Europe faced with the reduction in the supply of hard currencies

For many people riding the digital wave, cash may already be a thing of the past.

In many parts of Europe, for example, consumer preferences for card and mobile wallet payments have far outstripped physical banknotes, especially in the northern part of the continent.

In a recent PYMNTS report looking at how people use and are impacted by digital technologies, respondents in France, the Netherlands and the UK – three of the six European countries surveyed – said they use cash or checks in just 12.6%, 18.1%, and 19.1% of in-store transactions, respectively.

Read the PYMNTS report: Benchmarking digital transformation

And in the case of the Nordic countries, often seen as world leaders in digital payments and innovation, those numbers are even lower.

According to a report by the Swedish Central Bank, the number of people who said they used cash as their most recent method of payment fell from 39% to 9% between 2010 and 2020.

Swedes’ growing preference for cashless payments can also be seen in the country’s adoption of the Swish mobile payment system, used by 95% of all Swedish adults. As the company’s CEO, Urban Höglund, told PYMNTS, “Today it has become an infrastructure in Sweden.”

Watch the interview with the CEO of Swish: Nordic consumers ask local merchants to improve their mobile commerce experience

But while moving towards a post-physical monetary system might be the expected trajectory for a country in its development, countries like Sweden that have tried to eliminate cash from daily commerce are finding that it can be difficult to get consumers to let go. deep-rooted habits.

Preventing “cashless” in Sweden

In 2020, the Swedish government stepped in to ensure the country still had an adequate cash distribution system when cash use fell to an alarming level, by passing a law to protect access people to cash services.

The law became necessary after banks began taking ATMs out of service and closing deposit-taking branches across the country, an issue that first hit the national political agenda following a movement of rural groups and consumer associations known as Kontantupproretliterally translated as “Cash Uprising”.

The Kontantupproret emerged in 2015 in response to the rapid disappearance of cash services in Sweden, which meant that many people had to travel miles to deposit or withdraw money.

See also: Is Sweden proof that there are too many digital payment successes out there?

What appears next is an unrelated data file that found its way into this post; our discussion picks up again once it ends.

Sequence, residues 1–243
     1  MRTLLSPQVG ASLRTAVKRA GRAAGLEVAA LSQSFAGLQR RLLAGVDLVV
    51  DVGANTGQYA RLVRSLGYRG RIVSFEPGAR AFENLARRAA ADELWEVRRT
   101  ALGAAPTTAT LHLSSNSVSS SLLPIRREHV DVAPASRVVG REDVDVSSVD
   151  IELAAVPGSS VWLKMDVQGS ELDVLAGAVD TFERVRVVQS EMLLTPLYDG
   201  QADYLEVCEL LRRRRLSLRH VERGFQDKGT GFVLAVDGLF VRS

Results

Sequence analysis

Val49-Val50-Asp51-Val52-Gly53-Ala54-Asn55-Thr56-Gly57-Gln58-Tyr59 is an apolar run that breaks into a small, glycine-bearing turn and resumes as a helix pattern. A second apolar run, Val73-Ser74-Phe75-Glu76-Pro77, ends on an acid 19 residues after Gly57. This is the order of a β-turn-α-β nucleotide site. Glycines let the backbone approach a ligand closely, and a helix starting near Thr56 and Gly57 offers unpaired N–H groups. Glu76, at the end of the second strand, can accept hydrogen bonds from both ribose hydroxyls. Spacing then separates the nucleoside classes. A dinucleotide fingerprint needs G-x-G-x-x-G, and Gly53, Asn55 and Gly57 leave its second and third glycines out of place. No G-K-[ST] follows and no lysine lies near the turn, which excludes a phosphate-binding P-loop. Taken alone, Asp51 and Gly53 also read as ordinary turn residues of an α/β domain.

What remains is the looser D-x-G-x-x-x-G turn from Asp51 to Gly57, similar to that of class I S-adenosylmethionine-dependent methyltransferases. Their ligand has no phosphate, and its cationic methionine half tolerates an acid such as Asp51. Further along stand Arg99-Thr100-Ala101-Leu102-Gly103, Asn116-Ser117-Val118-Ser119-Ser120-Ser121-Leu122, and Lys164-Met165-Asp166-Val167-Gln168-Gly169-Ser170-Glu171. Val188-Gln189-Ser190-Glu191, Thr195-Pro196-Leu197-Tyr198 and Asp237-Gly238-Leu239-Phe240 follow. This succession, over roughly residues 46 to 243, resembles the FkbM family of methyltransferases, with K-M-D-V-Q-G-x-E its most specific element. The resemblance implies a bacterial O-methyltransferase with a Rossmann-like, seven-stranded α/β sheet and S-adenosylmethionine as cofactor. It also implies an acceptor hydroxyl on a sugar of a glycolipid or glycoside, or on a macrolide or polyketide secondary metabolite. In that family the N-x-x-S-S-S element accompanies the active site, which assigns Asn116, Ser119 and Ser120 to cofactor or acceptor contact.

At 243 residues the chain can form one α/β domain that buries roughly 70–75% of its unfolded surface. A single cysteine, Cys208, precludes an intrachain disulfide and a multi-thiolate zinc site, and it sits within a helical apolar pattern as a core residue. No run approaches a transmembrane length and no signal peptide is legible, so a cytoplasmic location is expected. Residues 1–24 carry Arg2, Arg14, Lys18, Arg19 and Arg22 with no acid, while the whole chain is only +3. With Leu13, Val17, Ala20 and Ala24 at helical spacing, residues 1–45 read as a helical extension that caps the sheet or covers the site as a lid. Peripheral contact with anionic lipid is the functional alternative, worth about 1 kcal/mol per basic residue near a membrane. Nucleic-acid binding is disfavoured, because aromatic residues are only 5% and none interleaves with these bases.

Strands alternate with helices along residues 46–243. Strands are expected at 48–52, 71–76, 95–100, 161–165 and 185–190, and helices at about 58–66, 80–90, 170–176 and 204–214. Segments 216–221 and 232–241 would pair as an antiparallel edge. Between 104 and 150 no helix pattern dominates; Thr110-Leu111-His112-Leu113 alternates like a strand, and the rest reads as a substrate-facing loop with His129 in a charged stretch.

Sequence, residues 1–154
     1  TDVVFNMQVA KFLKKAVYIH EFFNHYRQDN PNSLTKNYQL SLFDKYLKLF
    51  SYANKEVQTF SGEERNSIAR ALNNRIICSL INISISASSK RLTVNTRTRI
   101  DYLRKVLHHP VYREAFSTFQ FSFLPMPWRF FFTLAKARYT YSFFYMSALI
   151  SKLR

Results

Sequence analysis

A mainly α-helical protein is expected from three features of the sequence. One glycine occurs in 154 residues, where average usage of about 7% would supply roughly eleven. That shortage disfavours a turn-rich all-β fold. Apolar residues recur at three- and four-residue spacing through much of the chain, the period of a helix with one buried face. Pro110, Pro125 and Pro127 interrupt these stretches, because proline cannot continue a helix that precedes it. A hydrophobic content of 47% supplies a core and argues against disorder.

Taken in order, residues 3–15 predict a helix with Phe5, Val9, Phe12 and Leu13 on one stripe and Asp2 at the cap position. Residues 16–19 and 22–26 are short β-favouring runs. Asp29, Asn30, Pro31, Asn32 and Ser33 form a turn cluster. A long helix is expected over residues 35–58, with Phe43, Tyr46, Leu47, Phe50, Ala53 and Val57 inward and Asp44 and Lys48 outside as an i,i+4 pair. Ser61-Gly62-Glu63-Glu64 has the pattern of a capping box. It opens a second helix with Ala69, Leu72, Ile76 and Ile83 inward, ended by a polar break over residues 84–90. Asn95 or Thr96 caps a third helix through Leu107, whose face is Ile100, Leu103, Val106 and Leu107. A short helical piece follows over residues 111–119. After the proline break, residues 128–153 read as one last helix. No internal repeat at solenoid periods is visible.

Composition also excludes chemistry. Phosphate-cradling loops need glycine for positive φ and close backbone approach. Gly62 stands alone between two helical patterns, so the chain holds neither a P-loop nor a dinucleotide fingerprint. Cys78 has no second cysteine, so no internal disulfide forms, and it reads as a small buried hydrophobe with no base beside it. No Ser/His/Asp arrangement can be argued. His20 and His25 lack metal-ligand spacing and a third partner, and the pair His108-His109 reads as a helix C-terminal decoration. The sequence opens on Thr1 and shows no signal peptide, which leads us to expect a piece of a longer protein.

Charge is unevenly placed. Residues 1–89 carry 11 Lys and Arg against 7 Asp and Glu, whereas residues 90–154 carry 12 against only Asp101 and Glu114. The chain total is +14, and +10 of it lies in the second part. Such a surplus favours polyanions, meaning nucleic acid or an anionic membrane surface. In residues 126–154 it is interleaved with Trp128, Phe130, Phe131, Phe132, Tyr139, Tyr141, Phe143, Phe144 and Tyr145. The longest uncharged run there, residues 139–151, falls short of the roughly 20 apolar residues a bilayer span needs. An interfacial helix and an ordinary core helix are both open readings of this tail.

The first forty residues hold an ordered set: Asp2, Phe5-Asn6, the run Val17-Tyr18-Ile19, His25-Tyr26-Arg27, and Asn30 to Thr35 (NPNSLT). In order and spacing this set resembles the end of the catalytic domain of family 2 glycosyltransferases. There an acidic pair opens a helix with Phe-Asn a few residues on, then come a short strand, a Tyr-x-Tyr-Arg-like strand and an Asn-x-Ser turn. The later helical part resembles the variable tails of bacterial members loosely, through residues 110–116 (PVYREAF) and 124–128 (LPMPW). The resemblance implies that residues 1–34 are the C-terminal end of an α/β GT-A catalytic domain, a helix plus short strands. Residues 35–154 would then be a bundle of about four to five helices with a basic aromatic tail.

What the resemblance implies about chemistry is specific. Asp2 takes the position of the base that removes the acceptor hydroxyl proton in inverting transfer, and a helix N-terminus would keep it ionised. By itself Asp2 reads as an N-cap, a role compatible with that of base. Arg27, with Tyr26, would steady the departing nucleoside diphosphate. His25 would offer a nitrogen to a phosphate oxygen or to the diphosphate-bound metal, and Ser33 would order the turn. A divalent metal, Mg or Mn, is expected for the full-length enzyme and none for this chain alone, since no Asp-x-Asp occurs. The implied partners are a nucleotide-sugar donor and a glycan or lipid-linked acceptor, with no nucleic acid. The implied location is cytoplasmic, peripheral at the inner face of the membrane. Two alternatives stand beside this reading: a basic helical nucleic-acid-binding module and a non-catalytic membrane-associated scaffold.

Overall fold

The Kontantupproret website highlights some of the difficulties Sweden’s most isolated communities face in accessing cash payment services, especially in the country’s arctic regions, where unreliable internet coverage reinforces the system’s importance. cash payment.

The group’s website details the case of a man with Asperger’s syndrome who said he struggled to save and manage his finances without the tangible aspect of physical money. When he wanted to deposit his saved money, he had to travel from Norrköping to Stockholm, a nearly two-hour drive.

Following the government’s decision, today banks holding more than SEK 70 billion ($6.61 billion) in deposits are required to offer treasury services across the Scandinavian country or risk being be fined by the Swedish Financial Supervisory Authority.

Smooth transition to cashless?

Sweden is not alone in facing the challenges of transitioning to a cashless economy. In Germany, one of the most developed economies in Europe, cash is still king.

As PYMNTS reported, according to the German Money and Bond Services Association, cash accounts for 75% of all retail transactions in the country, with the average German carrying around €107 in their wallet and more than €1,360 in bank vaults.

Read more: In Germany, hard cash remains the way to pay

Even though the use of cash as a percentage of transactions has declined in the region, particularly in the wake of the pandemic, other regulators may soon follow Sweden’s lead in taking a proactive stance to ensure that banks meet the needs of cash-dependent customers.

In the Netherlands, one option being discussed is public financing of cash provisioning, Gijs Boudewijn, chief executive of the Dutch Payments Association (DPA), told PYMNTS in a recent interview.

Related: Benchmarking EU digital engagement: the Netherlands

He said the DPA was in discussions with relevant stakeholders on how best to ensure cash is “available to those who really, really need it while minimizing the cost of remaining cash infrastructure”.

See also: Dutch Payments Association Chief Executive Says ‘Positive Friction’ Will Protect BNPL Users

So, while major trends point towards a cashless future in Europe, the preferences of cash-hungry consumers must be taken into account to ensure a smooth transition from physical currency.

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About: More than half of utilities and consumer finance companies have the ability to digitally process all monthly bill payments. The kicker? Only 12% of them do. The Digital Payments Edge, a collaboration between PYMNTS and ACI Worldwide, surveyed 207 billing and collections professionals at these companies to find out why going digital remains elusive.

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